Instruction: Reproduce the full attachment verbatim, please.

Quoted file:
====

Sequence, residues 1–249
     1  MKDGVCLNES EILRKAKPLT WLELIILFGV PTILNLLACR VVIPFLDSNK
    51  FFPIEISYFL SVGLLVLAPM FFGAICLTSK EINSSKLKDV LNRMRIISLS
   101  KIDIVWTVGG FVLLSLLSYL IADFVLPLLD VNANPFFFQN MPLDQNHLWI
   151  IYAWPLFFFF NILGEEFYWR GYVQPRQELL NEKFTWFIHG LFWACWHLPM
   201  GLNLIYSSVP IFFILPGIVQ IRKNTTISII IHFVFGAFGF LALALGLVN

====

Sequence, residues 1–249
     1  MKDGVCLNES EILRKAKPLT WLELIILFGV PTILNLLACR VVIPFLDSNK
    51  FFPIEISYFL SVGLLVLAPM FFGAICLTSK EINSSKLKDV LNRMRIISLS
   101  KIDIVWTVGG FVLLSLLSYL IADFVLPLLD VNANPFFFQN MPLDQNHLWI
   151  IYAWPLFFFF NILGEEFYWR GYVQPRQELL NEKFTWFIHG LFWACWHLPM
   201  GLNLIYSSVP IFFILPGIVQ IRKNTTISII IHFVFGAFGF LALALGLVN